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Early attempts involved a bar indicating “jump charge.” Hold the jump button, watch the bar fill, release to jump with that much “charge” added to a base jump strength variable. It doesn’t make much sense for charging a jump to take very long, though, so I found myself just charging the jump for longer than I needed and only jumping with 100% charge. My eyes were also never on the actual bar; they were on wherever I wanted to go, of course! At this point the feature was useless, but I left it that way for quite a while – until a level included a gap that required a certain jump charge, and what was intended to be easy became a point of frustration for me as a player. In this instance, jumping with too much charge would cause me to hit the ceiling and lose forward momentum, and jumping with not enough charge wouldn’t provide enough momentum to clear the gap.

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Even after dividing the jump bar into thirds to help make charge amount more obvious and placing it near the center of the screen, I was still struggling to hit the percentages of jump charge that I wanted. This was around the time I began working on sound design and replacing prototype sounds with ones I liked. Using short ticking sounds that play when a “cell” on the jump bar is filled and rise in pitch with overall jump charge virtually solved the problem. The goal is to train the player to get used to the connection between the blips of sound and jump charge before they need to use less than a fully-charged jump, so when the time comes they (hopefully) know what to do.

Devlog 1/6/18 – The Seeker

With the new year upon me, I realized that my project will hopefully become a product this year. I’ve kept my head down with development for the last year and while I used to post updates on Twitter, those haven’t been on my mind in a while due to moving, getting a new job, and hitting some more involved, time-consuming feature implementations over the last few months.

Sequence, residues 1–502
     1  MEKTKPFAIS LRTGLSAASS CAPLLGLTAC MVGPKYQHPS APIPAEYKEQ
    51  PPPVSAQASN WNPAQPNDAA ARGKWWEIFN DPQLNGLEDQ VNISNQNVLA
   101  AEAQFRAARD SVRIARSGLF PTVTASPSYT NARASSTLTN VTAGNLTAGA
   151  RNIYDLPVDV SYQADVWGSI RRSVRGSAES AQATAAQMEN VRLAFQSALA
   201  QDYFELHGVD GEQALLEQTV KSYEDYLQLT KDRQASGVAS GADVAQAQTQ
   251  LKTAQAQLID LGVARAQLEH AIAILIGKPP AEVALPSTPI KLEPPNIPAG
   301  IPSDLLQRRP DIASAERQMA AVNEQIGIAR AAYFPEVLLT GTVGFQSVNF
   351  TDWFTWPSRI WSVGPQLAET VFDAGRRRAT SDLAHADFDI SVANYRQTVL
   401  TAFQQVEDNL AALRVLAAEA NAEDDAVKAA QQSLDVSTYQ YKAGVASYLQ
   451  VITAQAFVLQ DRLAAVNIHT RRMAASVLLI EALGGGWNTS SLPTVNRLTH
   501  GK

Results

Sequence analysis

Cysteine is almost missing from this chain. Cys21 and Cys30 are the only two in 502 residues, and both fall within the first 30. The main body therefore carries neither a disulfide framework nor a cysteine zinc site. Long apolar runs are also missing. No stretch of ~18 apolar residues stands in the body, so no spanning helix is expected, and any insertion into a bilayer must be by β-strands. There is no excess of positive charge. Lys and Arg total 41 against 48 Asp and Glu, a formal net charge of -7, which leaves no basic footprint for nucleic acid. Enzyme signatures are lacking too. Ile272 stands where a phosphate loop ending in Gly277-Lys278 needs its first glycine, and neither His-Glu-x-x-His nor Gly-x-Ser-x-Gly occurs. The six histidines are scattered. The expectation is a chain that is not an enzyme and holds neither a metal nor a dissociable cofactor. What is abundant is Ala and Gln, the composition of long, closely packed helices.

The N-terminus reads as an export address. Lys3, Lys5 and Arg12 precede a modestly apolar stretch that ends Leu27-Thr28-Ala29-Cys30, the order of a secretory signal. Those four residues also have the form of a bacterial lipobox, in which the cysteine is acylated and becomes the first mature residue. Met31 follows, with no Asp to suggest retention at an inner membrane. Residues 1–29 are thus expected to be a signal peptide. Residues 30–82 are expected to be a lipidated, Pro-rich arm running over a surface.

But now it’s time for some transparency. I’m very very excited about my game and I hope in time you’ll share some of those feelings!

It’s called The Seeker and it follows a man who wakes up in a post-human city, years after his most recent memories. Finding himself in a new bio-mechanical body, he can’t recall who he was before – so he follows instructions from a mysterious voice in a training facility. After gaining some freedom of movement through jumping, climbing, rolling, wall-sliding, wall-jumping and more, he’ll acquire several other abilities as he discovers who he is and the intentions of his faceless guide. The most crucial of these is one never seen before – the ability to switch between bodies as though they were hosts – and it makes up most of the core gameplay in this fast-paced action puzzler.

At this point in development, most of what you’ll see is “final” in terms of the game’s visual style – but of course subject to change. Notably, the characters are using a generic model right now as I seek a character modeler. Some features and mechanics are not yet finalized and will probably change drastically during development.

Without further ado, here’s a taste of the current movement system inĀ The Seeker! Future devlogs will be more in-depth in terms of feature implementation as the game progresses.